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5 expert-approved ways to prepare for giving birth in hospital

Netdoctor (UK) logo Netdoctor (UK) 17/01/2019 Claire Lavelle

a close up of a hand: When having a baby and preparing for birth, it's often difficult to remember what you should do and bring. We've spoken to the experts to get their advice on how to prepare for delivery and birth, so it's one less thing to worry about. © Getty Images When having a baby and preparing for birth, it's often difficult to remember what you should do and bring. We've spoken to the experts to get their advice on how to prepare for delivery and birth, so it's one less thing to worry about. Giving birth is one of the biggest life-changing events that can happen to a woman, so it's understandable if you start to feel nervous in the lead up to your due date.

However, there are a few simple steps you can take to prepare and (hopefully) make things feel a little less daunting before the big day. 

We speak to midwife Rebecca Tieken, of Independent Midwives UK and consultant obstetrician Mr Michael Heard of the Royal College of Obstetricians and Gynaecologists about how best to prepare for giving birth in hospital: 

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1.Do your research

Pregnant lady reading © Getty Pregnant lady reading Step one: do your research and read up on what to expect. 'During your pregnancy, read as much as you can about labour and birth, from pain relief to breathing techniques to whether or not you want medical intervention to help you expel the placenta,' says Tieken.

'The emotional health and wellbeing of the mother during the birth experience is very important, not least because it can affect the bonding process.

It's essential that she feels in control, abreast of what's happening and that her wishes have been respected as much as possible.'

2. Take a flexible approach to your birth plan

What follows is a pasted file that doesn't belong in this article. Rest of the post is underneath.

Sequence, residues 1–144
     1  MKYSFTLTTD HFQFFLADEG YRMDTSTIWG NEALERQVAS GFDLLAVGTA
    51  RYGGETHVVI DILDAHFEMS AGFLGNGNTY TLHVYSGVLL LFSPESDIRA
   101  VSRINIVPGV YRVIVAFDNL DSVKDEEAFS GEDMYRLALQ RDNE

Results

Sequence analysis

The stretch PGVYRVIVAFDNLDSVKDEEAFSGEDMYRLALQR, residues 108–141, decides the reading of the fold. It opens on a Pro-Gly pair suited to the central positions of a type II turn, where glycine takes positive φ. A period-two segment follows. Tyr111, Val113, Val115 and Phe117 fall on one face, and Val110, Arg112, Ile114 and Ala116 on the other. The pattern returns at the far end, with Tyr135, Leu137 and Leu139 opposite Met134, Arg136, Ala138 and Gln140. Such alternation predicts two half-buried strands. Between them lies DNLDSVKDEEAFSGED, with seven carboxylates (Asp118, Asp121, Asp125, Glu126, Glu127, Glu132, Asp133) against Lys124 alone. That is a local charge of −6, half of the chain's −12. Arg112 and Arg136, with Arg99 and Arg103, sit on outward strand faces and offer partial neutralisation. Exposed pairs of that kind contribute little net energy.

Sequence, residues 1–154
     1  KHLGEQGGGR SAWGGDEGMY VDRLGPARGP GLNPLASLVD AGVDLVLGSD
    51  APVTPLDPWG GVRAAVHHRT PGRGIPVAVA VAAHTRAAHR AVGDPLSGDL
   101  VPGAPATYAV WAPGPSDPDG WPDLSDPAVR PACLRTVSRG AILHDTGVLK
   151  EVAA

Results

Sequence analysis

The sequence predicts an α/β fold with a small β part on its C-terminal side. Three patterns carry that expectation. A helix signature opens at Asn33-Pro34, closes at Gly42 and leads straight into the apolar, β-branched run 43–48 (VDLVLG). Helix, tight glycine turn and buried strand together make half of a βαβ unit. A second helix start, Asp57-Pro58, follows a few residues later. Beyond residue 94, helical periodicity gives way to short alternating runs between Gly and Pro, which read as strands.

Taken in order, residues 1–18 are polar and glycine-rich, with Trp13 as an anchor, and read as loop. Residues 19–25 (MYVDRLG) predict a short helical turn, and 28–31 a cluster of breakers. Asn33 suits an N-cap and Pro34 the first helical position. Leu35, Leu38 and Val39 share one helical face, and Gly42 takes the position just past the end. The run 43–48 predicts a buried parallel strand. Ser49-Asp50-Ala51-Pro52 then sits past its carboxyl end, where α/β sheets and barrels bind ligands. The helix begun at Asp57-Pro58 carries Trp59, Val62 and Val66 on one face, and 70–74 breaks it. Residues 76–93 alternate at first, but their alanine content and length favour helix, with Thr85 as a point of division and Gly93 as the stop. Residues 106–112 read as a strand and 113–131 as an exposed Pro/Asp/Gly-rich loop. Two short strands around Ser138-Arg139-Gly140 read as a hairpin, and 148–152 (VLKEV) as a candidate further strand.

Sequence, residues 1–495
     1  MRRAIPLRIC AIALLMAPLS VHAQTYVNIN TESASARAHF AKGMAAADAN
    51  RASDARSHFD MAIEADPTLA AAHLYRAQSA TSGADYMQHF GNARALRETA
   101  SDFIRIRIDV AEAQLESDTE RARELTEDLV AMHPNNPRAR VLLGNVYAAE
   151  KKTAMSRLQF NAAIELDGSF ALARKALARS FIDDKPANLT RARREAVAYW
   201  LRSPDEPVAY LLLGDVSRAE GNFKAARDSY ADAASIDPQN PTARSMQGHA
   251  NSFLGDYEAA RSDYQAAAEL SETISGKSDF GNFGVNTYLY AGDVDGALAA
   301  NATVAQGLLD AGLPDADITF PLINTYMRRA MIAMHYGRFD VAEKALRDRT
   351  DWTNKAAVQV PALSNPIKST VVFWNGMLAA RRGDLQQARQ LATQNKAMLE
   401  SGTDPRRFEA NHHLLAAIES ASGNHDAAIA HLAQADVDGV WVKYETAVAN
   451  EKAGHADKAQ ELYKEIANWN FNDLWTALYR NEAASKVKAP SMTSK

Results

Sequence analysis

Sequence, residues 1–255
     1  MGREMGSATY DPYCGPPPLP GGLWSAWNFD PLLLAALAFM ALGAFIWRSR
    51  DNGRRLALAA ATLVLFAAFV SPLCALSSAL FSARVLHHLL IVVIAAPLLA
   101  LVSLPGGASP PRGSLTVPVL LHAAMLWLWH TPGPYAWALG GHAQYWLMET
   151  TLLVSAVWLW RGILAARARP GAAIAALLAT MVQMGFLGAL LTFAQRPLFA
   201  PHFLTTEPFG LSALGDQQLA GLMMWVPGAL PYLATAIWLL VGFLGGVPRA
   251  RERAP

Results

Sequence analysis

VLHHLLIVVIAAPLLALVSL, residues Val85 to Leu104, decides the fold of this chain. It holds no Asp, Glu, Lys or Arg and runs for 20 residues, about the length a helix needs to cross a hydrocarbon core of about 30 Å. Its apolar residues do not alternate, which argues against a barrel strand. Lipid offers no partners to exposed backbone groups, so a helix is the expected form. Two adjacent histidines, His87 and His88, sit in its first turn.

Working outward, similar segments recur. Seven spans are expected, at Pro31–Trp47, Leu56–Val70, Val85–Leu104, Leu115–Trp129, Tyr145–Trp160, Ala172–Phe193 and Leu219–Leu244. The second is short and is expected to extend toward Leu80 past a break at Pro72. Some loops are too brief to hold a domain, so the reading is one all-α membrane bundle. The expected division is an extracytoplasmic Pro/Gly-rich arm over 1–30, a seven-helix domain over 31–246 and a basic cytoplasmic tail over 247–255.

If you're rigid in your planning, it can make any unexpected changes come as a shock, so be flexible.

'I tell women to make three (short) birth plans,' says Tieken. 'It helps to get mums-to-be asking questions and visualising different scenarios – whether they might need an epidural, or a forceps or ventouse (instrumental) delivery, or a C-section, for instance. Of course we try to follow a birth plan as closely as possible but if for some reason that's not possible, it means alternative procedures won't come as a complete shock.'

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💟 Tieken recommends the following three birth plans:

✔️ The first is for if everything is going optimally, and it looks as though the birth is going to be straightforward.

✔️ The second is for when some deviation is necessary.

✔️ The third is for where there are significant interventions to ensure safe delivery and protect the health of mum and baby.

💟 Is a detailed birth plan a good idea?

'Bear in mind that very detailed birth plans can be hard to fulfil,' says Heard. 'It's important that women feel confident as they approach their due date but try not to over-medicalise the birth process if possible. Be aware of what can go wrong, such as suddenly high blood pressure in the mum or the baby being in a tricky position, but try not to get overly worried.'

'Let your midwife know well before the birth if you have any particular needs or anxieties – telling us on the day means we might not be in a position to do much about them,' adds Heard.